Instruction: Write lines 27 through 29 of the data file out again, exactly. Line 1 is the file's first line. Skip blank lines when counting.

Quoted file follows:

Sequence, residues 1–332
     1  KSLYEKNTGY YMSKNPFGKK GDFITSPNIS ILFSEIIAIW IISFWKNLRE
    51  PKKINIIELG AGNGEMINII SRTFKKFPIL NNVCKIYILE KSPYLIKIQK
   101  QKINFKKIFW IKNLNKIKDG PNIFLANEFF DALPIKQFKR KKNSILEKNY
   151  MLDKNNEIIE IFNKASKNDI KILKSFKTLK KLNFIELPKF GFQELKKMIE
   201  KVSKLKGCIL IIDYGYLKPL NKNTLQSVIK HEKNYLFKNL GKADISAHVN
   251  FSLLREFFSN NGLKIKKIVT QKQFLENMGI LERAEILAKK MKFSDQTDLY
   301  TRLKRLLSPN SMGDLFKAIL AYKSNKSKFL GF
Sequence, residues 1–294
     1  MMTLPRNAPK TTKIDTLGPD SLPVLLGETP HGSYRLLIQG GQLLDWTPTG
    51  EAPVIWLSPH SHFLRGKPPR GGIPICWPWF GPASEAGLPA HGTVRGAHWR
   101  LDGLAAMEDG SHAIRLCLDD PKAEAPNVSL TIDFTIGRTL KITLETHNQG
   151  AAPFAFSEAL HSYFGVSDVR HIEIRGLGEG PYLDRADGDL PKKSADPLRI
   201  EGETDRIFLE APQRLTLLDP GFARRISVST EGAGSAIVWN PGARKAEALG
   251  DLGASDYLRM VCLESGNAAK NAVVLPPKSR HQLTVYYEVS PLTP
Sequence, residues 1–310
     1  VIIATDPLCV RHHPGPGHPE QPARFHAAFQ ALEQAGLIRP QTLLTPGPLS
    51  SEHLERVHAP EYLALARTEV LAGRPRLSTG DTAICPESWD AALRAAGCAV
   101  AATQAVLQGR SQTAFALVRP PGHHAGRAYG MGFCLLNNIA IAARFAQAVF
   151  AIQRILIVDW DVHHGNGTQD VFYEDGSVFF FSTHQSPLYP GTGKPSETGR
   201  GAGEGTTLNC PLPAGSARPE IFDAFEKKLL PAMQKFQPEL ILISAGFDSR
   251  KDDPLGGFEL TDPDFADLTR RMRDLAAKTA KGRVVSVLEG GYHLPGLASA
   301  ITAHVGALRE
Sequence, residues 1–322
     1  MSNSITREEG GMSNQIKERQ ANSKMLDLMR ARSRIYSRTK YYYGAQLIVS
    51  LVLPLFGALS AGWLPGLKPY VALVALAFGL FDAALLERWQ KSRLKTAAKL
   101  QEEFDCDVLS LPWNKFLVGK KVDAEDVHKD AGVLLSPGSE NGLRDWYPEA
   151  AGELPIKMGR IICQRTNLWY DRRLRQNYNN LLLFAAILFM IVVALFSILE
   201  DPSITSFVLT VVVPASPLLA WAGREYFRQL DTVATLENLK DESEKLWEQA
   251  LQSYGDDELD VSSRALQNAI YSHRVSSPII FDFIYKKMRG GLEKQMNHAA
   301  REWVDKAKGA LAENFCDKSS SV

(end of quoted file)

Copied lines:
   101  QEEFDCDVLS LPWNKFLVGK KVDAEDVHKD AGVLLSPGSE NGLRDWYPEA
   151  AGELPIKMGR IICQRTNLWY DRRLRQNYNN LLLFAAILFM IVVALFSILE
   201  DPSITSFVLT VVVPASPLLA WAGREYFRQL DTVATLENLK DESEKLWEQA